“A terrorist opened fire in the direction of a security checkpoint at the entrance to the east Jerusalem neighborhood of Shuafat on Saturday evening, killing 18-year-old female Military Police officer Noa Lazar, and severely wounding a 30-year-old security guard.
Early Sunday morning, Hadassah Medical Center spokespersons reported that the security guard was on a ventilator and under sedation in the neurosurgical intensive care unit after undergoing surgery overnight.”
BBC audiences saw no coverage whatsoever of that terror attack at the time.
“A soldier was killed in a drive-by shooting near the Shavei Shomron settlement in the northern West Bank, the IDF said Tuesday afternoon.
Twenty-one-year-old St.-Sgt. Ido Baruch, who served in the elite Sayeret Givati unit, was initially described as being in moderate condition with gunshot wounds to the upper body, but his condition deteriorated en route to Meir Medical Center in Kfar Saba.
Video reportedly from the scene showed at least one attacker fleeing in a black car toward the Palestinian village of Deir Sharaf. The Lions’ Den militant group from the nearby city of Nablus reportedly took responsibility for the attack.”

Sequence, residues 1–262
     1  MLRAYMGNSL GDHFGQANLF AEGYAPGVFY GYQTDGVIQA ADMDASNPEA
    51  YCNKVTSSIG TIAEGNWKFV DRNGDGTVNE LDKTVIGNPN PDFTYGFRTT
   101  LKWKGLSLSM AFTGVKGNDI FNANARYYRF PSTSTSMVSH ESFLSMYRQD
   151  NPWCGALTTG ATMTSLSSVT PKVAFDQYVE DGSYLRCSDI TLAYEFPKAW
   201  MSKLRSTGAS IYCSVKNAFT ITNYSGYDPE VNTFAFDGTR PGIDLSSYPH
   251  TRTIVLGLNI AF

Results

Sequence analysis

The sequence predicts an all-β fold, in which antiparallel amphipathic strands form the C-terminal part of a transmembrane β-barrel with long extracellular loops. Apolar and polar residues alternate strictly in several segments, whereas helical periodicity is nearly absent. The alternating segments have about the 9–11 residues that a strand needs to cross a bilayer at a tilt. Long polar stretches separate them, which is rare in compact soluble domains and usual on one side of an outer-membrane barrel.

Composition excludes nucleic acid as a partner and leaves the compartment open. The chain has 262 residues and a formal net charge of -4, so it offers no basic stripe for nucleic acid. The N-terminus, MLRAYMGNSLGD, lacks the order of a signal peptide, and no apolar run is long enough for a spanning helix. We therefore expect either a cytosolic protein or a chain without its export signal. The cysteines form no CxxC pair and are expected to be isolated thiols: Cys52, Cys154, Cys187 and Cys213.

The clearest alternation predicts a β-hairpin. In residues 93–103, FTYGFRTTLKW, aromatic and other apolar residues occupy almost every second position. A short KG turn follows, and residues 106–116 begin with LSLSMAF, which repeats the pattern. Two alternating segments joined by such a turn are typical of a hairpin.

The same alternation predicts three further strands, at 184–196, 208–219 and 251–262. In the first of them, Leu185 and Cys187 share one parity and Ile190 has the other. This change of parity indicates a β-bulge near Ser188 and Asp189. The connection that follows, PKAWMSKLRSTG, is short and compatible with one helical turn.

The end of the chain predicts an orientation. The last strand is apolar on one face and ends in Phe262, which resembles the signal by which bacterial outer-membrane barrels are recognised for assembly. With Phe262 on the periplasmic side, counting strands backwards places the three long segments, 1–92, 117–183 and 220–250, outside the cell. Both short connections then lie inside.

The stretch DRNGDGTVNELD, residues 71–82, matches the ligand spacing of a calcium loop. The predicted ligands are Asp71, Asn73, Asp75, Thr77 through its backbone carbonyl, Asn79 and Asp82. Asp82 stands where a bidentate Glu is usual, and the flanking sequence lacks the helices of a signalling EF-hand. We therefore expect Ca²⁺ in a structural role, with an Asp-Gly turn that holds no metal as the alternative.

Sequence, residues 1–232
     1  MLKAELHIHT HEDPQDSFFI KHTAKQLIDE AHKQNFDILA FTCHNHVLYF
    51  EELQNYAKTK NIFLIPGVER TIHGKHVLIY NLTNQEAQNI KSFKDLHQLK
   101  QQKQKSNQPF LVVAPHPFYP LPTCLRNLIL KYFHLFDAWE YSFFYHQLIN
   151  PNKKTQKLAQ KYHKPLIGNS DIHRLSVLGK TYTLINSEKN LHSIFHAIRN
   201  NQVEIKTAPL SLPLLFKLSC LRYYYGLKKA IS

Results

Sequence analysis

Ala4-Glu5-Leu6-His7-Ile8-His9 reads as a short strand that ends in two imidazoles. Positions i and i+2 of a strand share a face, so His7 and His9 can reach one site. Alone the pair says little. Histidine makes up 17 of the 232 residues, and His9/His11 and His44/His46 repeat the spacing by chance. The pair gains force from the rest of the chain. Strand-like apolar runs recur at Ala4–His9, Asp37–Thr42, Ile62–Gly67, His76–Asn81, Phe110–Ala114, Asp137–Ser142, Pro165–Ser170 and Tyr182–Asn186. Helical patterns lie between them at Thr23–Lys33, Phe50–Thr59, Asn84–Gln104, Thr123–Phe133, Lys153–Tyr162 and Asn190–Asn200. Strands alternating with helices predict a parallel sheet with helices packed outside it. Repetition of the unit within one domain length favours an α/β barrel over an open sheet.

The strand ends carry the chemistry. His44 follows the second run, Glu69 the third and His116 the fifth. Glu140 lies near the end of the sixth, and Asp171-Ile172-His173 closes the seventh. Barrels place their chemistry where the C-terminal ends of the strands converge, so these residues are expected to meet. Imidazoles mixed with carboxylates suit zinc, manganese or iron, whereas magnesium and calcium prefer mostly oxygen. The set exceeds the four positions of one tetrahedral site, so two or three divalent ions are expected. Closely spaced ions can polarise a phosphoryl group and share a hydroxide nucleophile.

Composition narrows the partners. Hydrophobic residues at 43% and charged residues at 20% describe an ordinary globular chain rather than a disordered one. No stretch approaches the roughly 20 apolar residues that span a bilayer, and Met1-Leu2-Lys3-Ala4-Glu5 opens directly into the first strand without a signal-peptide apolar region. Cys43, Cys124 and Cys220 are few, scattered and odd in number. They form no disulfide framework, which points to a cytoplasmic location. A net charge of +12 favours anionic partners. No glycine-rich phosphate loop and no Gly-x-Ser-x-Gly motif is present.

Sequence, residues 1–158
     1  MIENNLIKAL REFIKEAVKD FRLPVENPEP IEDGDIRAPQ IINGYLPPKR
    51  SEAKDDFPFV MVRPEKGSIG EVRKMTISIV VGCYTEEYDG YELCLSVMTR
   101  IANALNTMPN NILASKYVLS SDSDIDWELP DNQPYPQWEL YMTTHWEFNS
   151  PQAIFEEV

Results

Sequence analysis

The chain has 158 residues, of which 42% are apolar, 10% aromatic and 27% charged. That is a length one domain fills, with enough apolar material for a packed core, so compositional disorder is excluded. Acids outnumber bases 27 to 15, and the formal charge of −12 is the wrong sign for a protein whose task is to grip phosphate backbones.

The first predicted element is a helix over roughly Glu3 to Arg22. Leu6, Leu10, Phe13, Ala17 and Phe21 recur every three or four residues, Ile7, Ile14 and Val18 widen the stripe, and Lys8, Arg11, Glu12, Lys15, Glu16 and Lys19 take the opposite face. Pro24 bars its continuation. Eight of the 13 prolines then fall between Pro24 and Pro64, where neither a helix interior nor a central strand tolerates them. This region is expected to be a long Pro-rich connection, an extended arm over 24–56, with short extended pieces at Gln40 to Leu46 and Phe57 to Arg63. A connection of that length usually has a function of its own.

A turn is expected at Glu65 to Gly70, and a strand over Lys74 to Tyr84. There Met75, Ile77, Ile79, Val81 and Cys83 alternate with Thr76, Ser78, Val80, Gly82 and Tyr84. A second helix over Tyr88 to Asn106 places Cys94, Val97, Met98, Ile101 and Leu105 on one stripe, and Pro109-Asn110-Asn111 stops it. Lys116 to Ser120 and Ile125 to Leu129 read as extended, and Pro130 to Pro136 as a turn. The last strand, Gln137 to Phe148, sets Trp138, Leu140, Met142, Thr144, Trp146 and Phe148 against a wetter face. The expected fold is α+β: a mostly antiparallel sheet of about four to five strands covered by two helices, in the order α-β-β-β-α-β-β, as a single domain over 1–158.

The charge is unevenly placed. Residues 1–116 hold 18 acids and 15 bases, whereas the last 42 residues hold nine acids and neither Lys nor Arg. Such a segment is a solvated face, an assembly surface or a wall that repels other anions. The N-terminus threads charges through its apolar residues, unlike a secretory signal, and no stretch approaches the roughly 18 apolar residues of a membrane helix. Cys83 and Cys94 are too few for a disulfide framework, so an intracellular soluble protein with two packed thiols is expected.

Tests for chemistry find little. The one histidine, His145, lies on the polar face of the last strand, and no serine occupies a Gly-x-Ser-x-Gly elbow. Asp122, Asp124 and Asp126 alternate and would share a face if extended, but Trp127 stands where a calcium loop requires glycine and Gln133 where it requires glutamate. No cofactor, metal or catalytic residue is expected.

On October 13th the BBC News website published a report by its Jerusalem bureau correspondent Tom Bateman in the ‘features’ section of its Middle East page. Titled ‘West Bank pressures grow amid Israeli closures’, that article includes the only mention to date of the two above fatal terror attacks – notably without identification of the victims:
“In the last week, five Palestinian teenagers have been killed by the Israeli military and two Israeli soldiers have been shot dead by Palestinians.
Israel’s security crackdown comes as it vows to continue a search for gunmen who killed the soldiers. […]
Many residents of Shuafat – a huge refugee camp cut off from the rest of the city by Israel’s separation barrier – have been unable to leave since Saturday night, when a Palestinian man armed with a pistol shot dead an 18-year-old Israeli soldier at a checkpoint. […]
Earlier this week, an Israeli soldier was shot dead by a Palestinian gunman near a Jewish settlement near the city of Nablus.”